A Writing Vacation

For the last few weeks, I have begun experimenting with a weekly blog post that I am planning to make into a permanent fixture. Depending on what kind of inspiration strikes, I may end up posting more often than once per week, but I’ve decided that at the minimum, every Monday, I will post a new blog entry.
This summer I am trying out a new vacation concept for myself: a writing vacation. I travel to a place, visit with friends and family in the area, but more than anything, I try to focus on my craft. Regardless of the city, I write every weekday as if the vacation was part of my regular routine, but instead of moving on to other work once I am done writing for the day, I focus on enjoying myself. I’ve been lucky that during this time, the inspiration for my writing continues to appear, or rather flourish, without the confines and necessities of making time for a regular work day. I do contract financial work with a number of organizations, so while I do tend to manage my own time, I am still required to attend to it regularly. This writing vacation has released those obligations temporarily and I am enjoying my new freedom.

After spending the last week basking in the wonders of Paris, I arrived in London this morning, another one of my favorite European cities. For the first time in years, I visited my old haunts from when I studied here – wandering around campus, checking out the National Theatre and the Royal Opera House, and lazing on the grass in a park until it started to rain. It was a wonderful walk down memory lane, especially considering how far I have come since I started the first draft of my first book on an ordinary November morning in this city. Back then I set a writing goal for myself and I scrambled toward it with maximum efficiency so that I would be able to move on to reading or assignments for class. Now my day revolves around my writing and is structured as such. I still set myself a goal for how many words I want to write that day and work toward it, but I no longer engage in conscious word padding or meaningless monologues in my writing simply to reach the word count goal. On my “normal” schedule, writing is the first task that I work on in the day, and whether reaching that goal means anywhere from one to three hours staring at the page, I commit to it. Standing here in London reminds me of the time, iterations, and effort that it has taken me to figure out what the best writing process is for me. I am sure that it is something that I will continue to refine over the course of my life, because, as my husband says, “You’re going to be writing until the day you die, kiddo.” Sometimes I like to celebrate the small victories though as I look back at my own evolution. More than anything, when I walk around this city, I am able to pay homage to the inspiration that helped me to start along my path as a writer.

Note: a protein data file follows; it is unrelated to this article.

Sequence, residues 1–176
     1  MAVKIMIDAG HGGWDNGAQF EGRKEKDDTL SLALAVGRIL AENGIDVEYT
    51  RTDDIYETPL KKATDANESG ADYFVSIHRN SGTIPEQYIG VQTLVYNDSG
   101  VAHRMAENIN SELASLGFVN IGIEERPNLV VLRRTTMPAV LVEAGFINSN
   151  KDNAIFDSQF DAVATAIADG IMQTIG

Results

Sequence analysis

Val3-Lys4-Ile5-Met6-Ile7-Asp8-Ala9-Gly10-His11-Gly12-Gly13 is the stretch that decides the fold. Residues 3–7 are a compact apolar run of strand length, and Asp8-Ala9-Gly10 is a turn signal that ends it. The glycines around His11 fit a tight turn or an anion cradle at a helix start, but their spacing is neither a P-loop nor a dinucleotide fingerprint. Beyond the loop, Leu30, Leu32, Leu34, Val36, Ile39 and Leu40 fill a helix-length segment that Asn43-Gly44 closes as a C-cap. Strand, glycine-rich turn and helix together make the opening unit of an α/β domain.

Learn more about me at my website www.pujaguha.com.
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My first novel AHRIMAN: THE SPIRIT OF DESTRUCTION is available as an ebook at all major retailers and a paperback at Amazon.com. http://www.amazon.com/dp/B00L1ISEUS


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